Furtwangler succeeded Artur Bodanzky as principal conductor of the Mannheim Opera and Music Academy in 1915, remaining until 1920. As a boy he had sometimes stayed with his grandmother in Mannheim. Through her family he met the Geissmars, a Jewish family who were leading lawyers and amateur musicians in the town. Berta Geissmar wrote, "Furtwängler became so good at [skiing] as to attain almost professional skill...Almost every sport appealed to him: he loved tennis, sailing and swimming...He was a good horseman..." She also reports that he was a strong mountain climber and hiker.

Berta Geissmar subsequently became his secretary and business manager, in Mannheim and later in Berlin, until she was forced to leave Germany in 1935. From 1921 onwards, Furtwängler shared holidays in the Engadin with Berta and her mother. In 1924 he bought a house there. After he married, the house was open to a wide circle of friends.

In 1920 he was appointed conductor of the Berlin Staatskapelle succeeding Richard Strauss. In January 1922, following the sudden death of Arthur Nikisch, he was appointed to the Leipzig Gewandhaus Orchestra. Shortly afterwards he was appointed to the prestigious Berlin Philharmonic Orchestra, again in succession to Nikisch. Furtwängler made his London debut in 1924, and continued to appear there before the outbreak of World War II as late as 1938, when he conducted Richard Wagner's Ring. (Furtwängler later conducted in London many times between 1948 and 1954). In 1925 he appeared as guest conductor of the New York Philharmonic Orchestra, making return visits in the following two years.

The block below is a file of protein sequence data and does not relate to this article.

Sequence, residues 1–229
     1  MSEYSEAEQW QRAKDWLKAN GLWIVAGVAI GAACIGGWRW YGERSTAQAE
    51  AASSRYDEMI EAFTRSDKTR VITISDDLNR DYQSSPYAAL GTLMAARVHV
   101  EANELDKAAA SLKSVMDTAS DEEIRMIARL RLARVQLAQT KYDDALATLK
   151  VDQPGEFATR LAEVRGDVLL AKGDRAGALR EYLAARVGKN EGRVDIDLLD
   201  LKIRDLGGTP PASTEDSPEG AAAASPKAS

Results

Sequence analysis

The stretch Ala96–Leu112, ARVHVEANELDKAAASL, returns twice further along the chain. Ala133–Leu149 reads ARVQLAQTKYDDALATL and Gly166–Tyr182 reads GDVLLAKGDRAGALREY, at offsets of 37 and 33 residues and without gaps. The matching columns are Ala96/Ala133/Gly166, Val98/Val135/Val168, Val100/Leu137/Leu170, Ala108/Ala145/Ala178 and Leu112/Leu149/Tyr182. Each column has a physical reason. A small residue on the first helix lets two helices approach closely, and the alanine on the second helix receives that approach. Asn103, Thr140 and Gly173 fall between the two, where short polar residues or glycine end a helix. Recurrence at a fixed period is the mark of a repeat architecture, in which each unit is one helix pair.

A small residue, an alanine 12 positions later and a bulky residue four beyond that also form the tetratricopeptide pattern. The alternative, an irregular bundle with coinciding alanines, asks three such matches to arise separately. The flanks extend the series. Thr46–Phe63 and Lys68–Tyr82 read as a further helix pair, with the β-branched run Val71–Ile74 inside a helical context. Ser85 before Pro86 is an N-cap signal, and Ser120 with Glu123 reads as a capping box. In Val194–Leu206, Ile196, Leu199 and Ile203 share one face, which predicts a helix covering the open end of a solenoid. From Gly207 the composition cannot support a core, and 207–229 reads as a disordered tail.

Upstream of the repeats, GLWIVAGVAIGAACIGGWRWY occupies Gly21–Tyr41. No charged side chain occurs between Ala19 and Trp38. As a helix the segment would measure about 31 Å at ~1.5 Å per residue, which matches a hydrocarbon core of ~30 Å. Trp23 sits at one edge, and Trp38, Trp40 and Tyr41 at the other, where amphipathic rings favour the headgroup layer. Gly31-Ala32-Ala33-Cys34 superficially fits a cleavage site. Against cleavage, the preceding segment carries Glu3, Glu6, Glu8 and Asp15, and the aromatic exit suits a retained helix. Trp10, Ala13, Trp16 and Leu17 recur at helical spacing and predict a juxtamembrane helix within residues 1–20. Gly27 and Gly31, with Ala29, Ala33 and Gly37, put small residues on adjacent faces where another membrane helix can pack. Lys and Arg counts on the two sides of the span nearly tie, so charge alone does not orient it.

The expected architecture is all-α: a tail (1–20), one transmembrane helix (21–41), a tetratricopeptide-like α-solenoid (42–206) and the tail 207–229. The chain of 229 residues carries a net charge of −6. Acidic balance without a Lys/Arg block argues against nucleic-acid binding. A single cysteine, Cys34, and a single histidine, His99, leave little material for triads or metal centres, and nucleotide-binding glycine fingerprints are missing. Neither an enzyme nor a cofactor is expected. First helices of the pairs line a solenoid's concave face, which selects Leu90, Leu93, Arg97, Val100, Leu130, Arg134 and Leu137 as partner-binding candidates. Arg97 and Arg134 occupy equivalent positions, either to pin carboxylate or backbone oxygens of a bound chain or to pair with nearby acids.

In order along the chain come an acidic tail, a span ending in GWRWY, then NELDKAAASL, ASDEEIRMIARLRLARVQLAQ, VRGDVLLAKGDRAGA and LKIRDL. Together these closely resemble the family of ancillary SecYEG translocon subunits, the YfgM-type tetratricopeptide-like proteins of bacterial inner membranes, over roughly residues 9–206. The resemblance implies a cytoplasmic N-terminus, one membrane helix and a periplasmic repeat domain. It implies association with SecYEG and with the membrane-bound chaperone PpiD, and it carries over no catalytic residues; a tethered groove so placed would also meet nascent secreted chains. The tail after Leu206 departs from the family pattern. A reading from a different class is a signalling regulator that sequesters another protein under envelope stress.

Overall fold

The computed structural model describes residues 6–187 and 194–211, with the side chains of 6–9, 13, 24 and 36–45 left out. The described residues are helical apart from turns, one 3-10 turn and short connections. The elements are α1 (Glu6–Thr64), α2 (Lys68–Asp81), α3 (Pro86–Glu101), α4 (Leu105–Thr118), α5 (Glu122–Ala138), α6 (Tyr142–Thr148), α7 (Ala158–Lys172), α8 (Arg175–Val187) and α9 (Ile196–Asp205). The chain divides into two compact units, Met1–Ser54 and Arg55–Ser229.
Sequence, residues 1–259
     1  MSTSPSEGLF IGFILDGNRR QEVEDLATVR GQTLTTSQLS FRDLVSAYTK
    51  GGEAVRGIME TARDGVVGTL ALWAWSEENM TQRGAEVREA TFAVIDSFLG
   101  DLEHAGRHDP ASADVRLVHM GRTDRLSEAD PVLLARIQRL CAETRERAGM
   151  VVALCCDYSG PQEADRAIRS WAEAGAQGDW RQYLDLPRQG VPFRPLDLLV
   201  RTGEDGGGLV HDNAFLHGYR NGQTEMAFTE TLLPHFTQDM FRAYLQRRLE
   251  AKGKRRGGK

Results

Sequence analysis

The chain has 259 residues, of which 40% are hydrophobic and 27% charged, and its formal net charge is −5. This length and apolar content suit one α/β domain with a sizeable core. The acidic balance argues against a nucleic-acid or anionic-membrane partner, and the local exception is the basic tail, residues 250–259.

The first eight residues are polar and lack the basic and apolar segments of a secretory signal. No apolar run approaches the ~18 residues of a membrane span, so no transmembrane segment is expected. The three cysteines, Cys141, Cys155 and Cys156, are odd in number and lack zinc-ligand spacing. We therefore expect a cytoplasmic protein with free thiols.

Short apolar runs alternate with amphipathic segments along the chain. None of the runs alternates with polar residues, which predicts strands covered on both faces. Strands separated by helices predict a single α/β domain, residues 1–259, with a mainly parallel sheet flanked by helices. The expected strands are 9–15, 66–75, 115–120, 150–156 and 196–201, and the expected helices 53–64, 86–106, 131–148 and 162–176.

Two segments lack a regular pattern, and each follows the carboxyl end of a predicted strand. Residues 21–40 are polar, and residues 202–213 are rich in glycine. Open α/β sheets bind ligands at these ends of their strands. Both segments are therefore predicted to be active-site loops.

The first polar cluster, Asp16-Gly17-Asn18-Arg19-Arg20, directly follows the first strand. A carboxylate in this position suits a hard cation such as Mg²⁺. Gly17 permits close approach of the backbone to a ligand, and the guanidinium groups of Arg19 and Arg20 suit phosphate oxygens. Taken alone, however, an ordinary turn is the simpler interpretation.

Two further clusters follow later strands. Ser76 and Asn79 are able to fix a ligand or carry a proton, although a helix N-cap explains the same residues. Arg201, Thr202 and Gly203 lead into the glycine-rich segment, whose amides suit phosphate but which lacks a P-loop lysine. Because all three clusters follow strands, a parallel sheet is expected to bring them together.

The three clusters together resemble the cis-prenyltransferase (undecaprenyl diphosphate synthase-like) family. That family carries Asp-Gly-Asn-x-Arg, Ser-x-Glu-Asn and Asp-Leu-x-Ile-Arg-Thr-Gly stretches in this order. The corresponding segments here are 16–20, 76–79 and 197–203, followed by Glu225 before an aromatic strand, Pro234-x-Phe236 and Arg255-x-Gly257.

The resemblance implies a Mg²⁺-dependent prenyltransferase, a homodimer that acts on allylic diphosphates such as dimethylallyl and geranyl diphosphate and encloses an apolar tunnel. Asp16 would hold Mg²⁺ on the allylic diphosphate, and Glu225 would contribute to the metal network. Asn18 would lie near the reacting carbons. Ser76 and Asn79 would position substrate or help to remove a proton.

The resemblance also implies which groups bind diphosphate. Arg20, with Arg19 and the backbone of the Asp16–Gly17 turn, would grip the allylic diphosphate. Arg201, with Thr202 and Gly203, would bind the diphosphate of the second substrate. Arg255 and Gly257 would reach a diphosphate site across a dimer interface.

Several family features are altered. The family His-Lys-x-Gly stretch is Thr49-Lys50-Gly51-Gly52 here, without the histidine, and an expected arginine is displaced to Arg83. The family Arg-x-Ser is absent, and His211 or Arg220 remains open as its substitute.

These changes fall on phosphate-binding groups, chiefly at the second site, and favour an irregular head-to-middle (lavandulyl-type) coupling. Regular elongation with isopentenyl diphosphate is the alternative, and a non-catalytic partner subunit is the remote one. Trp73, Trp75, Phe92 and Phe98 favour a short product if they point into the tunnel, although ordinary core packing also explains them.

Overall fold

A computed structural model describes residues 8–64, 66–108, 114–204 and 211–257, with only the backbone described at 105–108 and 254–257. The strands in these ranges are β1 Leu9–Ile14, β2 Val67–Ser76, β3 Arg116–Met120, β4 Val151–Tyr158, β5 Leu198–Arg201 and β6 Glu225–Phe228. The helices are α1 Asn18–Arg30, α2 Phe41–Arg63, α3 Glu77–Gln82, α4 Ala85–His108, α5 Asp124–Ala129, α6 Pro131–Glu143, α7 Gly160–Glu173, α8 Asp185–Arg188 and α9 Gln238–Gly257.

In January 1945 Furtwängler fled to Switzerland. It was during this period that he completed what is considered his most significant composition, the Symphony No. 2 in E minor. It was given its premiere in 1948 by the Berlin Philharmonic Orchestra under Furtwängler's direction and was recorded for Deutsche Grammophon.

Following the war, he resumed performing and recording, and remained a popular conductor in Europe, although his actions in the 1930s and 40s were a subject of ongoing criticism. He died in 1954 in Ebersteinburg, close to Baden-Baden. He is buried in the Heidelberg Bergfriedhof.

Nazi Germany

Furtwängler's relationship with and attitudes towards Adolf Hitler and the Nazi Party were a matter of much controversy.

Relationship with the Nazis

Furtwängler was very critical of Hitler's appointment as Chancellor of Germany, and was convinced that Hitler would not stay in power for long. He had said of Hitler in 1932, "This hissing street pedlar will never get anywhere in Germany".